UBC Theses and Dissertations
A monastic scholar under China’s occupation of Tibet : Muge Samten’s (1913-1993) autobiography and his role as a vernacular intellectual Tashi, Dhondup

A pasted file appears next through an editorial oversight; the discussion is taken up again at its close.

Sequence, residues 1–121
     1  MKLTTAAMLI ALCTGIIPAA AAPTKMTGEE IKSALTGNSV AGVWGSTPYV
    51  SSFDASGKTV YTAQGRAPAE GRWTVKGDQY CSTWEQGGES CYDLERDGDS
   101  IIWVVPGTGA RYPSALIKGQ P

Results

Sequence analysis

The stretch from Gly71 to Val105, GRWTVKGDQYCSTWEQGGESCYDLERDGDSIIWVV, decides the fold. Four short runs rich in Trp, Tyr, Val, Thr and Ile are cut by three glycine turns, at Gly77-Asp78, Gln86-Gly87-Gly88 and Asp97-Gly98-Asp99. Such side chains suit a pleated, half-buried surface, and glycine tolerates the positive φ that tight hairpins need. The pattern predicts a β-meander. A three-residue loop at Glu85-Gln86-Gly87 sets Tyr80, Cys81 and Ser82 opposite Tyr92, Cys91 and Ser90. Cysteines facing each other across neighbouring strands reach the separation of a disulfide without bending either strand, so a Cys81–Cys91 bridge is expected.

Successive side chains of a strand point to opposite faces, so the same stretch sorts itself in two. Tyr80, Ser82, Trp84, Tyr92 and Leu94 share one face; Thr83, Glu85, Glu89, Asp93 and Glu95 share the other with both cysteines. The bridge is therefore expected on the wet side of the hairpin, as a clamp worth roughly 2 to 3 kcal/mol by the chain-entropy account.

This thesis explores Muge Samten’s (dmu dge bsam gtan, 1913-1993) life and scholarly works in the context of China’s colonization of Tibet. He was a leading Tibetan intellectual, considered one of the three great scholars (mkhas pa mi gsum) of twentieth century Tibet. He was a vernacular monastic intellectual during this crucial period of transition and, while serving as an official within the civil bureaucracy of the People’s Republic of China in Eastern Tibet, Muge Samten was able to employ his monastic knowledge and official position. The fact that he had both monastic and official influence allowed him to play a major role dealing with the historical fate of Tibetan language and religion under colonial China. These two roles, traditional and official, were respectively “normative” and “situational” in the manner that Yogendra Malik (1981, 1-17) proposes for vernacular intellectuals in context of colonial India. Using Malik’s terminology, Muge Samten exercised his “normative” authority through traditional knowledge and “situational” authority as an official in response to the hostile political circumstances of the communist takeover of Tibet. His life thus was an illustration of a Tibetan response to China’s occupation. His unique position meant that he introduced communist ideas and ideology to Tibet. He engaged in the production of dictionaries, editing official periodicals, translation of government documents in the early 1950's, and later advocated protecting Tibetan grammar from the language reform proposed by the Nationalities Publishing House in Beijing in 1969. During the 1980's, he revived Buddhist teachings and sustained Geluk ordination practices at monastic institutions that had been decimated during the Cultural Revolution (1966-1976), serving as preceptor for many monks throughout monasteries in eastern Tibet. Muge Samten’s activities in Tibet could be characterized as situational, adapting to the political climate of an occupied Tibet. His role in reviving Geluk ordination lineages could be considered normative, relying on traditional monastic tradition and religious status. And finally, the sustainability of Tibetan language and resuscitation of Tibetan identity can also be examined in his autobiography through the lens of “vernacular intellectual,” highlighting the unequal power between him and the political authority within Communist China.
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